On my first multi-day bike tour the only physical trouble I had after a several long days on my bike was pain in the wrists.

My current touring bike setup has drop bars with a long fork. I chose the setup so that I would have a couple different positions to ride in, though in practice I generally keep my hands in palm rests on the brake levers.

I'm sure preference can be up to individual preference/physiology, but I was wondering if there were preferred handlebar types/brands/positions/setups known to be good for addressing wrist pain.

Alternately, is there an ideal wrist position (or other strategies) I should look for, regardless of gear?


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    You have what is generally the best setup -- drop bars with several hand positions. You can try rotating the bar slightly to make it more comfortable to use the drops. You can also consider getting a "randonneur" bar which has a less severe drop distance and a few extra twists here and there. Jan 24, 2013 at 23:49
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    You need to unweight your hands a bit - put more push into the pedals, raise the bars, and periodically move, or bike with a more upright position. On a climb, use your tops more
    – Criggie
    Dec 3, 2015 at 20:19

4 Answers 4


The biggest consideration for addressing wrist and hand pain (especially when riding long distances) is by reducing the pressure you're bearing on your wrists. Aggressive riding postures put excess pressure on your arms/hands/wrists/elbows for the benefit of aerodynamics and better advantage on your pedal strokes. For the majority of cyclists unconcerned with such things (tourists, especially) comfort and rideability are more worth the effort.

The traditional KOPS (knee over pedal spindle) has been the go to rule for adjusting saddle fore-and-aft for quite a while. Lots of people find it totally satisfactory, however, everyone is built differently and quite often different riding styles necessitate different setups. Moving one's weight back onto their sit bones and feet (two parts of the body that aren't as sensitive to bearing weight) will in turn reduce pressure on your wrists. Your saddle needs to be adjusted for the appropriate height and then set back a bit.


The idea is that when you squat (sans bicycle), your hips have to move back to balance your upper body. In the above diagram, you can imagine the effect of moving your saddle back as being a similar shift in weight.

To compensate for that more upright posture, you may need to change your stem and spacer orientation and setup. The idea is to bring the bars up and back (with some room for fine tuning.) Most touring bicycles are fitted with tall stems that enable you to achieve this posture. If you're refitting a bike, you may need to buy a new stem or some spacers.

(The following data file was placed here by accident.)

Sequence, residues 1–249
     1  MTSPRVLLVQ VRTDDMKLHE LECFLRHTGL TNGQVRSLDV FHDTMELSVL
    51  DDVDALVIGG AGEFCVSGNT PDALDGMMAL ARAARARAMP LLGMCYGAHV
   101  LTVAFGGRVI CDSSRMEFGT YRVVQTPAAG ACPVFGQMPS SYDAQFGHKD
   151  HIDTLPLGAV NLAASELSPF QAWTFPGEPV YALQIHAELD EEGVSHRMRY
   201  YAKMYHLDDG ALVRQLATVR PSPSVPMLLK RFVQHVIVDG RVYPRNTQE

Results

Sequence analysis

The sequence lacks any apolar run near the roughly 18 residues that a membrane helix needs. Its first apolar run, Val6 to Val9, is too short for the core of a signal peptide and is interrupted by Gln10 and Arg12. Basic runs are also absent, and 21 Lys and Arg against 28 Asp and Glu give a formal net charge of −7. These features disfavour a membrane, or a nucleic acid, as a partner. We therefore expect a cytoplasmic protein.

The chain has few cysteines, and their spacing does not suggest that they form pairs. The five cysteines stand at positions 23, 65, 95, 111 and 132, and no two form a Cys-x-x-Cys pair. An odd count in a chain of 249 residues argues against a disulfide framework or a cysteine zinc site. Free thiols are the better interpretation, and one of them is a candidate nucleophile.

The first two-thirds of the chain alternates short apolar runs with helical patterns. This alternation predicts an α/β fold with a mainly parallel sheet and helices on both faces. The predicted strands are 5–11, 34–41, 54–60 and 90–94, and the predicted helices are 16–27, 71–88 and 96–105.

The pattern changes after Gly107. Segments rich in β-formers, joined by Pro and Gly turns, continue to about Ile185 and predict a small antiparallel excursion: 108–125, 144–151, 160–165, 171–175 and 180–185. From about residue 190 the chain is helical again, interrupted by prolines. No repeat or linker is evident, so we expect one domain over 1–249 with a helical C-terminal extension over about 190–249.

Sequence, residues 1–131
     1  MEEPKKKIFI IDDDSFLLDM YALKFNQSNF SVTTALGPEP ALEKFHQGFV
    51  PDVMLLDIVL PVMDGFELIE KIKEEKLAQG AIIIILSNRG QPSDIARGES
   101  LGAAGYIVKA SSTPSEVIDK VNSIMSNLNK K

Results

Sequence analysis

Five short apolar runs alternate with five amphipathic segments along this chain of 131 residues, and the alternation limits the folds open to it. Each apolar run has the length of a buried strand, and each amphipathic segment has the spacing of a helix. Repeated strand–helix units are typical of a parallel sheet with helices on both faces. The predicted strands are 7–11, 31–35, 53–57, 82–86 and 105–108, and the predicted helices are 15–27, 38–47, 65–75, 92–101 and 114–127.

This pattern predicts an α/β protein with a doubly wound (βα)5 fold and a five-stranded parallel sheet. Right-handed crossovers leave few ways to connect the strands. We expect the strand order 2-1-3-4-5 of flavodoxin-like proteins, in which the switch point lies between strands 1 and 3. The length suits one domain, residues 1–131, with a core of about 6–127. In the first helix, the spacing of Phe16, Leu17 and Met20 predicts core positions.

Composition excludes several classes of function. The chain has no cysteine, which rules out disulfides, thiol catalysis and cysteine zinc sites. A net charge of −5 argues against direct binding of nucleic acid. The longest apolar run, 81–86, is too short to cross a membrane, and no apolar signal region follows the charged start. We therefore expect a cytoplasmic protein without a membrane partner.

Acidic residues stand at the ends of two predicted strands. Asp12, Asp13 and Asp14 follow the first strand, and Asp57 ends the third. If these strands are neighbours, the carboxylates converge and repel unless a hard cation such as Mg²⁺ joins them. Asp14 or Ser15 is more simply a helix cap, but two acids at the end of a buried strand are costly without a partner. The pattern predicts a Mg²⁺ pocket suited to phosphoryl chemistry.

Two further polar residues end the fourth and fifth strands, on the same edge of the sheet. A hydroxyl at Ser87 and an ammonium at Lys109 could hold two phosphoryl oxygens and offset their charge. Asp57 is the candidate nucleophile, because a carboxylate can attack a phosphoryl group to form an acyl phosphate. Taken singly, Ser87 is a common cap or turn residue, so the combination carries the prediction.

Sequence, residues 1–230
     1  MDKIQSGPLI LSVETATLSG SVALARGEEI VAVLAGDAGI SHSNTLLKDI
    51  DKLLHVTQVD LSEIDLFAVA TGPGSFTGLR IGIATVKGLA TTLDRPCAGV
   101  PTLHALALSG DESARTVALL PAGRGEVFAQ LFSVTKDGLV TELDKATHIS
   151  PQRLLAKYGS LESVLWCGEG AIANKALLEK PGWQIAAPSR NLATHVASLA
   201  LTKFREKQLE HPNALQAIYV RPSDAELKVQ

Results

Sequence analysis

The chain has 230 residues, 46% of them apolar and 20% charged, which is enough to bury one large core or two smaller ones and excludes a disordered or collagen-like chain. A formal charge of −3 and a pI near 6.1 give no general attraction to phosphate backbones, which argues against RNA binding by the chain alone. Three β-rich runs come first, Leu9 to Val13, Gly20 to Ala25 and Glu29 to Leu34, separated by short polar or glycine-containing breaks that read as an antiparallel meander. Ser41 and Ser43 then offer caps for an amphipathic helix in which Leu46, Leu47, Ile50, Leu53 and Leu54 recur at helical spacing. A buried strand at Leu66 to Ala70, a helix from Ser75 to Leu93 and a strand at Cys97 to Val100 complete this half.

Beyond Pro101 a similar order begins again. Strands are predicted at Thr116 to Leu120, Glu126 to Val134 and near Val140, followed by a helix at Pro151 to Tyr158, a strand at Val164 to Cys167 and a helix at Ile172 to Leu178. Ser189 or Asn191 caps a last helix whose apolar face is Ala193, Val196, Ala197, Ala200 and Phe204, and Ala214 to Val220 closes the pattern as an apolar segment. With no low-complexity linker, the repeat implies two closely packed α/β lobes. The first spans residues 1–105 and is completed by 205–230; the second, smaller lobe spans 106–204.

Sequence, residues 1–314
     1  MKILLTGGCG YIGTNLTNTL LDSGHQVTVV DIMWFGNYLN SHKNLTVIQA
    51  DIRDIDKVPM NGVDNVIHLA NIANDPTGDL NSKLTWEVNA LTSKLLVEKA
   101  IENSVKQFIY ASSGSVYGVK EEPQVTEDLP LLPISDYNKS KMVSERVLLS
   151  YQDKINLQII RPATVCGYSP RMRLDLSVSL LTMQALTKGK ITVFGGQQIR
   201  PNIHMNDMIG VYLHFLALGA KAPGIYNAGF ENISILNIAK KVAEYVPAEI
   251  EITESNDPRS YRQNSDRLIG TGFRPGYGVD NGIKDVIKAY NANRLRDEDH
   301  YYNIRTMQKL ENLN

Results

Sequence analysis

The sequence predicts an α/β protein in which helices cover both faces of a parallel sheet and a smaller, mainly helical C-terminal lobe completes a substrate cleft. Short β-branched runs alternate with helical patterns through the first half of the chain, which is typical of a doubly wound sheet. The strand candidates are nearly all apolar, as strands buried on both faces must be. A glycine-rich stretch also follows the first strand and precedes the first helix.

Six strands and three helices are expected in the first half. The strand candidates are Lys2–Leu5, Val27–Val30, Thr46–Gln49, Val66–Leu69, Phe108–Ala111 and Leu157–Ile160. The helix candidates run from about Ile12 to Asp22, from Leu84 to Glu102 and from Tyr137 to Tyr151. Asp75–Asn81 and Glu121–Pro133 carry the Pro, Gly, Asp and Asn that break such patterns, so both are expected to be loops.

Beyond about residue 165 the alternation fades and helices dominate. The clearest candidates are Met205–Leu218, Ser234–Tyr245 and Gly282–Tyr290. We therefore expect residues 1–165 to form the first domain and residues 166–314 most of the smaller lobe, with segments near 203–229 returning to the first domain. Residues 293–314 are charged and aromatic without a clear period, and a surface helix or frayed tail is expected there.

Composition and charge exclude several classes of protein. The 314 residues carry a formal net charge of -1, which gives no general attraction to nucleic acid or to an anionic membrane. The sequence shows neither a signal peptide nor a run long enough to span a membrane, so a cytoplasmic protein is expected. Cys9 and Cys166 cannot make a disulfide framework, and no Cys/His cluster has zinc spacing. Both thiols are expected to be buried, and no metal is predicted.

Many people will suggest adding padded bar tape or thick gloves. While this is a great way to relieve some of the roughness and pressure, no amount of padding will make supporting your upper body all day comfortable. The idea is to use your legs and rump to get you from place to place.

Also, these sorts of issues can certainly be caused by medical complications (carpal tunnel syndrome, especially), so consult with a doctor if things start to deteriorate or worsen.

Further resources can be found at SheldonBrown.com and RivBike.com (and many others.)


Consider splurging for a fit session with a qualified bike fitter. Having your position correct isn't always just a matter of having certain handlebars. I have a custom road bike, and recently did a fit session for another bike. It can be pricey, but if you plan on riding long distances, for many years, it might be worth it! Try asking around with your bikey friends for recommendations on fitters.


You might try adding clip on aero bars. Not so much to make you faster, but to allow the option of using your bones to hold you up. Aim for creating a 90 degree angle in your arm at the elbow joint to have the pads of the aero bar support your upper body via the Humerus bone (connecting elbow to shoulder). This will allow you to rest your wrists and use your skeleton for support.

You must be very alert when riding in this position because your hands are no where near the brakes or shifters, but for long open straight stretches you can give other parts of your body a bit of recovery. Also, this aero position will feel odd/squirly at first but many can ride all day in this position, it just takes a little to get used to. You can angle the aero bars a bit more upright for comfort, experiment a bit to find the right position for you.


Touring/trekking/butterfly bars! (Also called "randonneuring" bars, as in a comment above.) All the hand positions ever; set the bar at whatever angle makes you happiest. Here's the set (from Velo Orange) that I'm getting on my new bike:

Trekking bars

  • It should be noted that the above picture is not the "classical" randonneur bar design. Jan 25, 2013 at 1:32
  • Though most proper Randonneuring bars I have seen are traditionally shaped with flared out drops (notably the Nitto B132 or B135.)
    – WTHarper
    Jan 25, 2013 at 1:34

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